The case for: Maddalaine Ansell, chief executive of the University Alliance
The UK universities minister, Jo Johnson, has an ambitious – some might even say bold – plan for encouraging the higher education sector to concentrate on teaching excellence. As with any bold initiative, it has its critics.
Some see the passage of the Higher Education and Research Bill as an opportunity to change direction, kill it off, or – like Lord Kerslake's amendment, which found favour with the Lords on Monday – break the link between financial incentives and good teaching. This would be a mistake.
At the moment, universities acquire prestige largely through the quality of their research. Those with the highest volume tend to do very well in league tables.
Many students, however, are more interested in the quality of their course and whether it will help them to get a good job.
The government is hoping that its teaching excellence framework (TEF) will prompt universities to pay the same attention to the quality of their teaching as their research. Institutions that score highly will not only get reputational benefits but will also be allowed to raise their tuition fees, although not by more than inflation.
Many in the sector see this as an exciting opportunity. Members of the University Alliance group have, over time, developed excellence in professional and technical education, providing degrees that are often designed with industry and reflect the latest research and scholarship.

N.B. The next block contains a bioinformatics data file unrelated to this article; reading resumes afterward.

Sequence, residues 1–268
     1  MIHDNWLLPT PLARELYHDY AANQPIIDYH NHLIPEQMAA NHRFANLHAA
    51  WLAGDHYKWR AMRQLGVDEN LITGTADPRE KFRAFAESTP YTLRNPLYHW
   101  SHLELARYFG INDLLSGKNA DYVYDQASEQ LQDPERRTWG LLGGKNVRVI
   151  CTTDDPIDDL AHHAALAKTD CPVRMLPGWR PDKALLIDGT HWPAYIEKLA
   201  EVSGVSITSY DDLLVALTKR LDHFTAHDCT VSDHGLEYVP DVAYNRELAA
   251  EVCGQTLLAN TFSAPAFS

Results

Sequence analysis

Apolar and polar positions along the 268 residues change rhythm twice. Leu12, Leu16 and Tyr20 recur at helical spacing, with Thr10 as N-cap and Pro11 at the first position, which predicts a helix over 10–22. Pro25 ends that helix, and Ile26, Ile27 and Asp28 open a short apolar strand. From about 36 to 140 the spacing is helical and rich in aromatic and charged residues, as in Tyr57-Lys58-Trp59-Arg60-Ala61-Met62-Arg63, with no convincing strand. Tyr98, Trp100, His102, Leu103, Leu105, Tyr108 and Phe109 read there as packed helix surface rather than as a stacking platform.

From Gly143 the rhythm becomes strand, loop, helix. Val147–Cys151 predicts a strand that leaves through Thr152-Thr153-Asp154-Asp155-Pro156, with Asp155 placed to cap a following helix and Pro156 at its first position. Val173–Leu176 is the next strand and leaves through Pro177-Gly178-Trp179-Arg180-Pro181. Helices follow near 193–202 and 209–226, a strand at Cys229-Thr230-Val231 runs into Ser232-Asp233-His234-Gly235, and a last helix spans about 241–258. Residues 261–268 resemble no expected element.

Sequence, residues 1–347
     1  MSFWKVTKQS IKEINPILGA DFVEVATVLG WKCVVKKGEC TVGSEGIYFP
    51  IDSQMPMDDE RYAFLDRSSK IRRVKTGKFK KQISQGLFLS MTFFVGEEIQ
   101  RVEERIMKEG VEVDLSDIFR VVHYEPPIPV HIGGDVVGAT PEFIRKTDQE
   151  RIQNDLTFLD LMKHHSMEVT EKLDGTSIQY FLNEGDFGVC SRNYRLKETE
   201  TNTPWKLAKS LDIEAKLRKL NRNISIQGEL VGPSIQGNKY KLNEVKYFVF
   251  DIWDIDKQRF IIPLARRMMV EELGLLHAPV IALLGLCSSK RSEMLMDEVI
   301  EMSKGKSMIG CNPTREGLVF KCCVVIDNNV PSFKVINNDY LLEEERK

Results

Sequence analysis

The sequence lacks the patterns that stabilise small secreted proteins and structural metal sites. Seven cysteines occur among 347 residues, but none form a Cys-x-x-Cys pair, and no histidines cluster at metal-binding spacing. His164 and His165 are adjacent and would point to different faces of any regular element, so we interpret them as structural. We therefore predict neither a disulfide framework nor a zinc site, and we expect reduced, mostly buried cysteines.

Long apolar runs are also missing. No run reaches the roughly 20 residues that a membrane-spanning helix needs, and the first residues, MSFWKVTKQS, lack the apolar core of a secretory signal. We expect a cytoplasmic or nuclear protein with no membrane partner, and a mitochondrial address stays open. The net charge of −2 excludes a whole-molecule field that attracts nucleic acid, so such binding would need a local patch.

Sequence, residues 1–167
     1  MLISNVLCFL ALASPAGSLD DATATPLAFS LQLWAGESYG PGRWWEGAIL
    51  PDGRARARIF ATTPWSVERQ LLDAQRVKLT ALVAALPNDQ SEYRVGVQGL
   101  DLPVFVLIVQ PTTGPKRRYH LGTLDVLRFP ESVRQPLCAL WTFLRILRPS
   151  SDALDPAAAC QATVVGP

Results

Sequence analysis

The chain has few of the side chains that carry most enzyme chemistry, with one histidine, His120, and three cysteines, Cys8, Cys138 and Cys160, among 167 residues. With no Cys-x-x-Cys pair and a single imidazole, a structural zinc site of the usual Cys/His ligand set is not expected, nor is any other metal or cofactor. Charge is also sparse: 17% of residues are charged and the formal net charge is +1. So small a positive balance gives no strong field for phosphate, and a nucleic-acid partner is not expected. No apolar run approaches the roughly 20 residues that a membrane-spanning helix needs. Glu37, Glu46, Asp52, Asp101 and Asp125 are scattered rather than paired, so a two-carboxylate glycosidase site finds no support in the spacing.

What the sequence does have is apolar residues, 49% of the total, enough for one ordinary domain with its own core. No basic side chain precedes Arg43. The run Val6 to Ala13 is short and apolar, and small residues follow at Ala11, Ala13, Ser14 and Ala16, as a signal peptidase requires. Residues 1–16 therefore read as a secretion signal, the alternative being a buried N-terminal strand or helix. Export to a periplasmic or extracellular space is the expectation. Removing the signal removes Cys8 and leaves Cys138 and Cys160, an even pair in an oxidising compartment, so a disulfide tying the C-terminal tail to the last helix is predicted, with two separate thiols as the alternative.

These universities offer distinct teaching methods that enable students to learn by doing. Because these students typically come from a wide range of backgrounds, they are also offered an array of co-curricular activities designed to increase their confidence and their employability. Many hope that this will be recognised through a “gold” or “silver” TEF rating.
Nevertheless, while students want excellent teaching, they are also concerned about the cost of university tuition. Even an increase in fees limited to inflation will be unpopular. This is not surprising – but a rise is ultimately necessary.
If fees don’t increase in line with inflation, they will be eroded by it. In time, this would reduce the quality of education and the student experience that universities can offer.
Linking fee increases to the TEF is not a perfect mechanism, and it will throw up some uncomfortable anomalies. For example, as the TEF is judged at institutional level, an excellent department in a “bronze” university will have to work harder to maintain its excellence as the value of fees that their institution can charge goes down and they have less money to run the course. Similarly, students on a below-average course at a “gold” university may be paying for excellence that they are not getting.
Because of this, many vice-chancellors would have preferred a blanket increase in fees – but the link with the TEF is more likely to ensure that students get the high-quality education they are paying for.
Other critics feel that the challenge of measuring teaching excellence is so great that we should not try. The higher education sector is extremely diverse, ranging from large metropolitan universities that teach a wide range of subjects to small and specialist institutions and conservatoires. Good teaching might look very different in each.
The TEF attempts to address these differences by measuring outcomes such as feedback from students, retention and employment rather than inputs such as contact hours or teaching qualifications. External factors such as social disadvantage, age, race and prior attainment are accounted for. It’s not just about metrics, though: every university will be reviewed by a panel of its peers before the institution receives its award.
This goes a long way to making the system fair. It is also clear that it will be effective. Universities are all thinking hard about how they can improve their overall excellence and identify any pockets of underperformance. But the metrics and the benchmarking are not perfect and need to develop further. After all, the research excellence framework evolved over 30 years.